One of the weirder things about getting older is that after 50 we are no longer a target audience in regard to the arts. Those that produce movies and TV shows have shunted us aside, looking instead to Millennials and Generation Zers to consume their offerings. All despite the fact that Baby Boomers possess 70% of the disposable income in the country.
While there are generally a few grown-up films every year from the movie industry, they often get little buzz and even less promotion. It’s the same with TV series that boast “mature” actors and themes.
The truth is, Hollywood has historically cared little for older viewers both in what they choose to produce and in how they represent that demographic on the screen. Often, older characters are portrayed as cranky white-hairs who seem regretful and bitter that life has passed them by. They are, of course, caricatures, clearly not representative of real people who’ve passed the half-century mark whose lives are filled with rich experiences and accumulated knowledge.
“We are living healthier and longer,” said AARP CEO Jo Ann Jenkins in the article ‘Ageism is Hollywood’s Worst Villain.’ It’s a huge opportunity for the entertainment industry, particularly in movies and television, to get more focused on the likes and dislikes of people 50 and over…And 25 percent of people who are moviegoers are people over the age of 50. They are actually putting butts in the seats in the movie theaters.”
Of course, Jenkins made the statement prior to the pandemic lockdown that has hit the film industry hard. Perhaps, the powers that be in movie land might now consider choosing stories that would appeal to seniors, since we have the money to patronize theaters.
It’s a smart idea, but I’m not holding my breath.
Note that TV is no better in the ageism department. Every night, when my sweetie pie and I thumb through the streaming offerings, we get more and more despondent. We have Netflix and Amazon Prime and HBO Max and Sling and often nothing piques our interest.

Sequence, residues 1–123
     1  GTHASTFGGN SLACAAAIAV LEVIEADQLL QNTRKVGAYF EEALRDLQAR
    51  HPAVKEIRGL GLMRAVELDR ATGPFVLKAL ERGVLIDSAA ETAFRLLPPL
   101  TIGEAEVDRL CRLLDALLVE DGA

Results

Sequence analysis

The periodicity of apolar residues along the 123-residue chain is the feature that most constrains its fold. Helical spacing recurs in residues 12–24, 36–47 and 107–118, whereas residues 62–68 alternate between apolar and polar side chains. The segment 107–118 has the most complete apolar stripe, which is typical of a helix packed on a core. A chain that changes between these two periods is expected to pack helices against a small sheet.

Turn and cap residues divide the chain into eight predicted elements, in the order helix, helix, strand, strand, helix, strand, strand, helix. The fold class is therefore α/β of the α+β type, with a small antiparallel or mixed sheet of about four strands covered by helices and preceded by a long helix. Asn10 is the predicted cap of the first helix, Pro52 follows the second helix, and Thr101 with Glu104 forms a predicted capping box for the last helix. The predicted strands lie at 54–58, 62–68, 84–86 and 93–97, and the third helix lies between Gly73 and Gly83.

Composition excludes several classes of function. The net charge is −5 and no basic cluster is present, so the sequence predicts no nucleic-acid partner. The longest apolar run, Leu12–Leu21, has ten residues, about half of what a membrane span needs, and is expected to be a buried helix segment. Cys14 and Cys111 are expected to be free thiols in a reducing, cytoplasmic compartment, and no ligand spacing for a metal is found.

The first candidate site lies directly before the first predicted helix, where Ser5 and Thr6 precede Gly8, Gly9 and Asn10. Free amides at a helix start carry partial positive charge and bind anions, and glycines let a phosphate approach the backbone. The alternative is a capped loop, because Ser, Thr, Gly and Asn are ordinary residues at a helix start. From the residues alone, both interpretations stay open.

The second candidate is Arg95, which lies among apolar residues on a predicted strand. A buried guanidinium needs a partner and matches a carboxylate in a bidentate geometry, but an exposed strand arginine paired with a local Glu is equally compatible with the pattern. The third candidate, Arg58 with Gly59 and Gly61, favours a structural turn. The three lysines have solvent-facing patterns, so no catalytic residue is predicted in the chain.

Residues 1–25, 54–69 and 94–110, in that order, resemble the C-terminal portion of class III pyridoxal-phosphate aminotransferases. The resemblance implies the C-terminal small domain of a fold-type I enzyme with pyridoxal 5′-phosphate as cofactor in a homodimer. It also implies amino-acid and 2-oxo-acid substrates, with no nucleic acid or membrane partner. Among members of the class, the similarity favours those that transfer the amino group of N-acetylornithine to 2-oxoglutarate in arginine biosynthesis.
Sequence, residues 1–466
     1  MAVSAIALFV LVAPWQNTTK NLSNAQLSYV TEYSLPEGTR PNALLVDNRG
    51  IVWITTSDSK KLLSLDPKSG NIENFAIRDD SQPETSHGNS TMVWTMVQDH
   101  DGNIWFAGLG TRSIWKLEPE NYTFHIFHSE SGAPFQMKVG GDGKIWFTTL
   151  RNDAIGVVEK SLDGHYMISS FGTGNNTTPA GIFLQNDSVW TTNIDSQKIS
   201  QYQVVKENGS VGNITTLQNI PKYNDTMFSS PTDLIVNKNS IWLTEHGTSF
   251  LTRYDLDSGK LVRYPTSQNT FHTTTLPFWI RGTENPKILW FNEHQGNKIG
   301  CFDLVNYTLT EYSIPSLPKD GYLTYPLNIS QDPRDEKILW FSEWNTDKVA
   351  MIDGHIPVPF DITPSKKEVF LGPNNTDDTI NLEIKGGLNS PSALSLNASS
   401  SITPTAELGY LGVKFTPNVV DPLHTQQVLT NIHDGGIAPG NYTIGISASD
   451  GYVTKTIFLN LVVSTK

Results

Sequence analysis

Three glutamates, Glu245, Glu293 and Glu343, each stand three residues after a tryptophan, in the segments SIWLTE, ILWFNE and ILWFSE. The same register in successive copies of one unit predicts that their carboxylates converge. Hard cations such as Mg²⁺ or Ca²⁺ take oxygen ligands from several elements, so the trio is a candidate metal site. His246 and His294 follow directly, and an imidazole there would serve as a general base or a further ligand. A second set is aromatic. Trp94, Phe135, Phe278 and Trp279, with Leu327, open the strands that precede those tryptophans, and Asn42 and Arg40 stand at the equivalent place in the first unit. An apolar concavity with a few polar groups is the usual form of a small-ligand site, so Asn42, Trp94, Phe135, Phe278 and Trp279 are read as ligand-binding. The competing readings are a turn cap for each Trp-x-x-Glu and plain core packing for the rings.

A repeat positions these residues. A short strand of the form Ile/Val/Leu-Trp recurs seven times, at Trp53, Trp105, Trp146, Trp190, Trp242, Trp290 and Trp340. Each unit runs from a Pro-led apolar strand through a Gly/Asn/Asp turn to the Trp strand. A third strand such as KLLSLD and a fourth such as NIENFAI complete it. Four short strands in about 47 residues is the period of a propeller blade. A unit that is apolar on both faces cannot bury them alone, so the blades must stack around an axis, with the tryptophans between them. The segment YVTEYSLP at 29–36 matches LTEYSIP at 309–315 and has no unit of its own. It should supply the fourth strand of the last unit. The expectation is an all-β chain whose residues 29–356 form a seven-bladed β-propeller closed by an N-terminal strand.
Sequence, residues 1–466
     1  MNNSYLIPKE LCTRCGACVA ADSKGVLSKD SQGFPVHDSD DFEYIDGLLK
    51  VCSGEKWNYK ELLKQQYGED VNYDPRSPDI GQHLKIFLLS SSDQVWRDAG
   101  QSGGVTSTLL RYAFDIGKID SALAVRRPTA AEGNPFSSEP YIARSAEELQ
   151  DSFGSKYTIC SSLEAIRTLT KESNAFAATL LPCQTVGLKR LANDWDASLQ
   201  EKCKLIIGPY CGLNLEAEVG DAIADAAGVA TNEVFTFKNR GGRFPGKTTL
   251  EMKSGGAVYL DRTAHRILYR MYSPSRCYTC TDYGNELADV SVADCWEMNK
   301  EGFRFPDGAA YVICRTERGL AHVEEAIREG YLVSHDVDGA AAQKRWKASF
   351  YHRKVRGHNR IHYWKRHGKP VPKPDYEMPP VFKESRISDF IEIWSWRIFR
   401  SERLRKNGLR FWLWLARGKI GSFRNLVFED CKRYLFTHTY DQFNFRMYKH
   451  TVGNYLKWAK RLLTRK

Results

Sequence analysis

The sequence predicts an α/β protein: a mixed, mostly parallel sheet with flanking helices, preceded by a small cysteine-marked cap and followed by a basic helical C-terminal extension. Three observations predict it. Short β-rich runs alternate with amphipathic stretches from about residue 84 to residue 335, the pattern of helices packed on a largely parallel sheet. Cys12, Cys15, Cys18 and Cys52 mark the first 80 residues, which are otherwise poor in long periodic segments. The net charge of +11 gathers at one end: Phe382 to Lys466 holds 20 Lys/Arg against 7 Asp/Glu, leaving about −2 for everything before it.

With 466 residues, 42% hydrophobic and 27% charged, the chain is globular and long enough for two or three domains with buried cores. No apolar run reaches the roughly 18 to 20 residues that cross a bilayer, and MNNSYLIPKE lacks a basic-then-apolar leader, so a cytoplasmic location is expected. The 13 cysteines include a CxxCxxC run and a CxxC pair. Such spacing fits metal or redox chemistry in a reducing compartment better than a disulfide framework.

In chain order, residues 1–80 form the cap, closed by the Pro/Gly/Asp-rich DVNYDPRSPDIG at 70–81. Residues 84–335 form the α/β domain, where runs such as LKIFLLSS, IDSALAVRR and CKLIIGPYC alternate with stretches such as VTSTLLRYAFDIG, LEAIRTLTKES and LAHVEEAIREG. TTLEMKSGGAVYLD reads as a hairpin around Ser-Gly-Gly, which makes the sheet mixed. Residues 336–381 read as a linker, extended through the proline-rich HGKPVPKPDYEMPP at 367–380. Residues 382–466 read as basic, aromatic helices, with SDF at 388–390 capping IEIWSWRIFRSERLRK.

Recently however, we found BritBox, which offers series and films made, as you might expect, in Great Britain, Australia, and Canada, and there’s a lot to like about their productions.
First, unlike our Hollywood fare, actors in these programs look like regular people. No super models or ridiculously hot dudes need apply. I love that. Female actors face the camera unabashedly showing wrinkles and messy hair, wearing very little make-up. It’s so damned refreshing! It makes our actors look rather cartoonish, by comparison.
I also like the fact that the characters on BritBox are often flawed. They make bad choices. Like us, they’re just trying to get through every day without screwing something up. They don’t drive eighty-thousand-dollar cars. They’re children are not ridiculously cute or precocious. They don’t live in homes that their budgets can clearly not afford.
Since we tend to watch British mystery series and films, I will praise them specifically here. The shows are often shot at incredible locations that make you feel like you’re there, whether it be a beautiful flowered landscape, a five-hundred-year-old castle, or a foreboding, dark seaside village. Their plots are twisted and complicated and make you think. There are sometimes a half-a-dozen possible suspects, making it tough to solve the crime before the detectives do.
By comparison, American-made films and TV shows often lack thoughtful plot lines. I know, I’m a writer, so I’m biased. But how many times have you seen films with enormous budgets that lack even a remotely coherent storyline? If you’re spending a couple hundred million to produce a film, couldn’t you toss a few extra grand at the folks writing the scripts so the story makes sense? I think we older viewers would appreciate the effort.
So, come on. Give us some satisfying characters and plots we can relate to and watch us open our wallets. Remember, there are 77 million Baby Boomers.
Do the math.
Ancient ruins, haunted memories, and a ruthless criminal combine with a touch of mystic presence in this taut mystery about a crime we all must address.
Contemporary Women’s Fiction/Suspense
September 13, 2021
Maggie, a National Park Ranger of Native American descent, is back at The Castle—a six-hundred-year-old pueblo carved into a limestone cliff in Arizona’s Verde Valley. Maggie, who suffers from depression, has been through several traumas: the gang rape she suffered while in the Coast Guard, the sudden death of her ten-year-old son, and a suicide attempt.
One evening, she chases a young Native American boy through the park and gasps as he climbs the face of The Castle cliff and disappears into the pueblo. When searchers find no child, Maggie’s friends believe she’s suffering from depression-induced hallucinations.
Maggie has several men in her life. The baker, newcomer Jim Casey, who always greets her with a warm smile and pink boxes filled with sweet delicacies. Brett Collins, a scuba diver who is doing scientific studies in Montezuma Well, a dangerous cylindrical depression that houses strange creatures found nowhere else on Earth. Dave, an amiable waiter with whom she’s had a one-night stand, and her new boss Glen.
One of these men is a serial rapist and Maggie is his next target. In a thrilling and terrifying denouement, Maggie faces her rapist and conquers her worst fears once and for all.
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